We return from New York vigilant and optimistic about our future.  We believe that binational couples like us, and those who are separated or forced to live outside the United States, can bring about change in this world. Each one of us possesses the key to winning equality: our own voices. Diego and I are both strong-willed and determined, and we will fight.  Yes, we worry that by this time next year we may be forced apart or exiled from our home.  This does keep us up at night. Every moment with my family and every conversation with my mother scares me even more, as it reminds me what DOMA will do to my family if we do not win this fight.

For years I have chased a dream of graduating law school and fighting for the rights of others. That dream is still alive, despite the challenges that we face. But my dream, my career and the contributions I want to make to this world, will be stripped from me if I am forced to leave my own country. Not only would my country be denying me the right to live in this country with my husband, but it will be taking me away from my parents, my siblings, and numerous nephews that love their “Uncle Jeppy” and from the rest of my large extended family. DOMA is not only poised to destroy the family Diego and I are building; it also impacts our large American family of which we are an integral part.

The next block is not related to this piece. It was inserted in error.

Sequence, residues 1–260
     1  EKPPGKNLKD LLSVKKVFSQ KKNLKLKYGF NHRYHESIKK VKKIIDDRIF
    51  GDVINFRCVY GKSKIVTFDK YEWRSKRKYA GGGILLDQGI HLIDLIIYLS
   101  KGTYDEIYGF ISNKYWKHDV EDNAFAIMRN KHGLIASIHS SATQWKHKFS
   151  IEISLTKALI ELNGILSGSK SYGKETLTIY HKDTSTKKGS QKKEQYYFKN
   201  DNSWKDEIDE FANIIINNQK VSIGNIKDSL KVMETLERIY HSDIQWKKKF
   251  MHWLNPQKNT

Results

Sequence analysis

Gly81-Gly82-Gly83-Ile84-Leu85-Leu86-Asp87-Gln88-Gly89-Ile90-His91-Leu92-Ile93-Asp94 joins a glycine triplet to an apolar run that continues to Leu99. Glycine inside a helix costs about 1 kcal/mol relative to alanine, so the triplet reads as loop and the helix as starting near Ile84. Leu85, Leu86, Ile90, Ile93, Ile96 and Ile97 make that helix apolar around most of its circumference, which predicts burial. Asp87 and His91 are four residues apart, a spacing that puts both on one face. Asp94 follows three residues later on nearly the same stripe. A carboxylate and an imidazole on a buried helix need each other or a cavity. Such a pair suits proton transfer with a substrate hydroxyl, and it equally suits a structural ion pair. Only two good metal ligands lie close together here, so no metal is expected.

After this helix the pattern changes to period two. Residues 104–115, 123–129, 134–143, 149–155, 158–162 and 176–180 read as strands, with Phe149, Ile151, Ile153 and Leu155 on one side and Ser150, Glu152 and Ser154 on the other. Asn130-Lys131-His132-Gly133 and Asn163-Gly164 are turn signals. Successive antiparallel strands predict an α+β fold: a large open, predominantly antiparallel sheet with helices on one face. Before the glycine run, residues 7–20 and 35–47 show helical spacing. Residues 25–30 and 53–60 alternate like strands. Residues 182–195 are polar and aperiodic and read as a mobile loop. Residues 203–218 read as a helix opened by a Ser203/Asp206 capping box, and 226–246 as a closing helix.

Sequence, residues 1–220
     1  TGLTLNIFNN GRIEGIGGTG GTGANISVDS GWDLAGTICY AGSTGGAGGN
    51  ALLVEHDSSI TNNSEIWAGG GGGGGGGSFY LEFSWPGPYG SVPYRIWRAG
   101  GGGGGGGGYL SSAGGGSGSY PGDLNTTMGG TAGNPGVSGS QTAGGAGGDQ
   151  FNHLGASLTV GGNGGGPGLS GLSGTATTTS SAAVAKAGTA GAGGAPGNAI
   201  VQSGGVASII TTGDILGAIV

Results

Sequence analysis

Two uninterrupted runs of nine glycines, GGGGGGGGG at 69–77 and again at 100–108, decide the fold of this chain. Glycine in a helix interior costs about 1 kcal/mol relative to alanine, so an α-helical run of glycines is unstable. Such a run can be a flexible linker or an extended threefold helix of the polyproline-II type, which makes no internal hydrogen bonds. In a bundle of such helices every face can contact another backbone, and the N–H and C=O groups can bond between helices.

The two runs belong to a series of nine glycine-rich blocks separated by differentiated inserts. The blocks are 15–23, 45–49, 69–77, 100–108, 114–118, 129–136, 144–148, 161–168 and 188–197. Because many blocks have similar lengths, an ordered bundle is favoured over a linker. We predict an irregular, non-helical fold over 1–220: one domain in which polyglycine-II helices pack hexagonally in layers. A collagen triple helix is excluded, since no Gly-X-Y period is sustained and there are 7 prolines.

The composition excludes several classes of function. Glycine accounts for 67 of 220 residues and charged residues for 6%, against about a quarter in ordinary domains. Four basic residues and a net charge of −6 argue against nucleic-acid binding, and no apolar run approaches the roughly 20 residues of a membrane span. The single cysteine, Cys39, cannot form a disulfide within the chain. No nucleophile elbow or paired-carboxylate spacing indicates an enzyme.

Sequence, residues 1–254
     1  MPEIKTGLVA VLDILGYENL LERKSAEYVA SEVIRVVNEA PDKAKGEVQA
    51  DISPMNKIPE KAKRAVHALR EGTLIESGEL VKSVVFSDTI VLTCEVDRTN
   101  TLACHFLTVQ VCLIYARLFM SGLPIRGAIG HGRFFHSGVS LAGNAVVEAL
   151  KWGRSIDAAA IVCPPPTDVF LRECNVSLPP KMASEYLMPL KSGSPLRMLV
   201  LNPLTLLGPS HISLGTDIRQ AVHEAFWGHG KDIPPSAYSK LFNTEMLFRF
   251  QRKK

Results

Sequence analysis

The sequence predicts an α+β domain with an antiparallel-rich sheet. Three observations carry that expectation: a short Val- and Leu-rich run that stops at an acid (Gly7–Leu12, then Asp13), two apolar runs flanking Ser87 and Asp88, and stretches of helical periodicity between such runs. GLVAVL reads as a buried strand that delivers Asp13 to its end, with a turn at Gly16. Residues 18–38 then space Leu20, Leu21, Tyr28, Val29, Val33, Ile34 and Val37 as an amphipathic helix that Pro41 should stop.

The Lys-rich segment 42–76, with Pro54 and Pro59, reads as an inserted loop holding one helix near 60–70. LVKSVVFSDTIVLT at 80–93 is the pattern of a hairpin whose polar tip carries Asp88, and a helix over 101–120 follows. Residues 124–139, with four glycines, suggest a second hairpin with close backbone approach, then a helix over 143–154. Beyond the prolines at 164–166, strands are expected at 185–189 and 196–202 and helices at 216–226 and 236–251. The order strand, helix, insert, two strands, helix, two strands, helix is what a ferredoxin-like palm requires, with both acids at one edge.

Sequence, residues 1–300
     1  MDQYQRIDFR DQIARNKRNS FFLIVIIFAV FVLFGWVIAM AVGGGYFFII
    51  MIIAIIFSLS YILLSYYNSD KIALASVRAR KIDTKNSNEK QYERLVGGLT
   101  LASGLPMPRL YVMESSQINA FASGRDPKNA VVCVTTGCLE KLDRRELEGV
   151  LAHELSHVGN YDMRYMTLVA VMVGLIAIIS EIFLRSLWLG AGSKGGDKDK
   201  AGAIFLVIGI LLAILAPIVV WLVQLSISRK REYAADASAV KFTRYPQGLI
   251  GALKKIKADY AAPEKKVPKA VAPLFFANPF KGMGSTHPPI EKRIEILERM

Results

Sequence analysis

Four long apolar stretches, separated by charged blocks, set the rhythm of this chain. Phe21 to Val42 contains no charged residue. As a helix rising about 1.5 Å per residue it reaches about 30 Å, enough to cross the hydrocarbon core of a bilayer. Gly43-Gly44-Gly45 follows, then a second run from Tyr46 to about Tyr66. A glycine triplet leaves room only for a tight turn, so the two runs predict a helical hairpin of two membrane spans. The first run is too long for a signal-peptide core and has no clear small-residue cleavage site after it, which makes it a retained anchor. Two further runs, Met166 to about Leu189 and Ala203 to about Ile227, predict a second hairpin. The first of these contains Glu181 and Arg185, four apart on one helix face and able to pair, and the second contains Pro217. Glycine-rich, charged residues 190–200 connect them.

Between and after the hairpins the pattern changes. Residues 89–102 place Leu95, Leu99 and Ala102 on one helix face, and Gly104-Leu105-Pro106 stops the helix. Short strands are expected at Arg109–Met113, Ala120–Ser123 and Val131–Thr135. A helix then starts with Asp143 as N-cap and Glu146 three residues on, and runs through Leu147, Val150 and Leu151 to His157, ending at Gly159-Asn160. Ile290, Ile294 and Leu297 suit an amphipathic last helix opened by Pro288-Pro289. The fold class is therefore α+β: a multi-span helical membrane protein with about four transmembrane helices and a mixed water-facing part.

We are joining The DOMA Project to advocate for immediate policy solutions to protect us and all other binational couples, and to keep moving forward the fight for full equality. We will call on our elected officials and the Obama Administration to respect the commitment and the sacrifices we bi-national couples make every day, by ensuring that we can stay legally in this country. I know that the Obama administration can take steps today to protect all gay binational couples like us. The President cannot repeal DOMA or re-write our immigration laws but he can direct his Secretary of Homeland Security to come up with remedies that ensure all gay and lesbian binational couples are able to be together. Our families cannot wait.

Love should be respected with humane protections, not ignored and trampled upon with forced separation or exile. DOMA must go, but while it is still with us, we must all work to limit its impact and ensure our families are kept intact. By telling our stories and refusing to stand by passively, we are are bringing about this change. We encourage other binational couples, including (or perhaps especially) those who are separated or exiled, to join us by by sharing your stories with friends, family, and elected officials. It is unconscionable that the federal government has not yet put in place policy to match the words of the President on the White House website: “Americans with partners from other countries should not be faced with a painful choice between staying with their partner or staying in their country.”

This President has the power to keep my family together, but we must join together to urge him to implement policies that will achieve just that.

DOMA Ruled Unconstitutional By Second Circuit Court of Appeals, Setting Up Final Showdown at the Supreme Court

Edie Windsor, DOMA Warrior

Statement by Lavi Soloway, co-founder, The DOMA Project: